“Nooooo! The library!”
As I may have pointed out once or twice, Thailand can be a little on the warm side. As a Midwesterner fresh out of winter and a very slow start to spring, the climate change hit me pretty hard. Luckily there was an abundance of fans and AirCon on high in most buildings. Except for the school I taught in. Well, that’s not entirely true. The offices had fans and sometimes AirCon. Classrooms had windows and ceiling fans. The foreign English teachers’ designated office space, however, had none of these things. There was a standing fan that we could plug into an outlet as long as we didn’t need to charge a laptop or use it for anything else. After spending hours shouting over rambunctious kids and over-gesticulating our English lessons every day, us over-heated foreigner teachers were desperate for more respite than a lazy, weak breeze. To cool our sweaty brows (and backs, and arms, and fronts), we often took refuge in the library that was on the ground floor of our building. The library was always kept beautifully air conditioned.
We spent a lot of time in the library.
Free periods between classes we went to the library, after classes ended we sat in the library, we did our grading in the library, and we even ate lunch in the library. Our students and co-teachers quickly learned to find us there. It was a lovely space, one of the more updated parts of the whole campus. The Wi-Fi worked well (except for the days it didn’t) but it never worked on the third floor where our ‘office’ was located. The tables and benches we occupied were gorgeous polished wood. The tabletops were the roots and the trucks of trees, and the benches were fashioned out of the same wood. I loved these tables. Someday, if and when I ever stop being a nomad and have my own home, I want a table like those.
Sometimes a few of the other Thai teachers would hold class in the library as well. They usually made the kids sit at the bigger, less fancy tables at the back of the room, so all the other teachers could still work in the other half. There was a small computer lab and a few other meeting rooms attached to the library, too. And a toilet. You had to go into a hallway connected to the library to access the toilets, but they were staff only and for us much nicer than the squat-only ones the students used. While they still didn’t contain toilet paper or a waste basket (concerning for females every once and while), they were sit-toilets. They looked like the western ones and flushed, but also had the Thai water bucket and hose.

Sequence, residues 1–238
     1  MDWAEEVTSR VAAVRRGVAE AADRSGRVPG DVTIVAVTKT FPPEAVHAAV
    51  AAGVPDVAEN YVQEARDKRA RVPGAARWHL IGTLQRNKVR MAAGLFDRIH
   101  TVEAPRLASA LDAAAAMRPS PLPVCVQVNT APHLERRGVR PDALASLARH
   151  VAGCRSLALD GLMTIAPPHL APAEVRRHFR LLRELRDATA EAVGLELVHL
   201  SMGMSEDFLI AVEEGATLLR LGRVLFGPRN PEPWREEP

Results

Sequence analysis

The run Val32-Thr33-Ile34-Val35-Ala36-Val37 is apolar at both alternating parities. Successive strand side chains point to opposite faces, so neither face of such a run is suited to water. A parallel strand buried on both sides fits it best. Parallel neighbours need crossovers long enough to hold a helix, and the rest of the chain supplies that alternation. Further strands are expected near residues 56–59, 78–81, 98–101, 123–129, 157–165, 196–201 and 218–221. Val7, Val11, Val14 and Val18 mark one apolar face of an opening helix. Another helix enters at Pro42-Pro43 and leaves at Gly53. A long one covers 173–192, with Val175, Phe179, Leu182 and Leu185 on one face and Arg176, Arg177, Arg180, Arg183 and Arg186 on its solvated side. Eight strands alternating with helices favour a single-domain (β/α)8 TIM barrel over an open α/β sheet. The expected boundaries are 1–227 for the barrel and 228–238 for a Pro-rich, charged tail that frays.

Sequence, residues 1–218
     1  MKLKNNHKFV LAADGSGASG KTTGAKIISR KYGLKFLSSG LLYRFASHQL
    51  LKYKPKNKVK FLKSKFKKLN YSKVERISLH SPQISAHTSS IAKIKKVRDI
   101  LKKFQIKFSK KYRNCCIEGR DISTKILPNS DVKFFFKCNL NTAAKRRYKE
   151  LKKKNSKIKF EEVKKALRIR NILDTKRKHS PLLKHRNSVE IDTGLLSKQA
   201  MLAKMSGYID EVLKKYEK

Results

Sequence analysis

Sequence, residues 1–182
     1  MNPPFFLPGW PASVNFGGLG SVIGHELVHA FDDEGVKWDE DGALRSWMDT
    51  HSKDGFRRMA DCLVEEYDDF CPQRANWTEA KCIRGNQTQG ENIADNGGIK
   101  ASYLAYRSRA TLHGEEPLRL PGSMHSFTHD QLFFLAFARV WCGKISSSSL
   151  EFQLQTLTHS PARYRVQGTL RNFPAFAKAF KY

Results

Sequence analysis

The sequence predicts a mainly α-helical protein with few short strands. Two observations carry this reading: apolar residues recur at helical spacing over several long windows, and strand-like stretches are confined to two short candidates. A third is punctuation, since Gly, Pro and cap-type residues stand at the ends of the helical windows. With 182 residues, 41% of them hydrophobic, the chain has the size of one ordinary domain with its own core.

We cherished our precious library. Favorite room out of all the buildings on campus. One day, as I was sitting in this glorious library of coolness, there was the ominous buzzing of electricity. I normally couldn’t hear the hum of the electrical wires, so I looked up from my laptop to see what was going on. I didn’t see anything at first, and then…sparks! Over by one of the windows in between some of the shelves, where a wad of infamous Thai electrical wiring hung, something was starting to smoke. There were a few pops and cracks, and then flames burst forth from the sockets and fire started to lick the wall!
My first thought? Not for the students’ safety, not for my own, but for the library: Don’t burn down the library! It’s the only room with Air Con!
A maintenance guy came out of nowhere and somehow yanked the plugs out of the sockets and everything in the room went out. The ceiling fans stopped, the lights went out, and for a brief terrifying moment, so did the A/C. The lights kicked back on, and thankfully so did the A/C. The fans, however, were out a bit longer.
The next day the library was still standing, hadn’t been burned to the ground over night, but the damaged outlet had been restored to duty. How they fixed it: electrical tape around the wires. The black, ashy residue from where the fire had tried to eat the wall still clung to the white washed bricks. Nothing to see here, everything fixed, good to go. Don’t worry about it.
I continued to use the library whenever I wasn’t teaching. I just avoided sitting at the table closest to the burned wall. Mai Bpen Rai.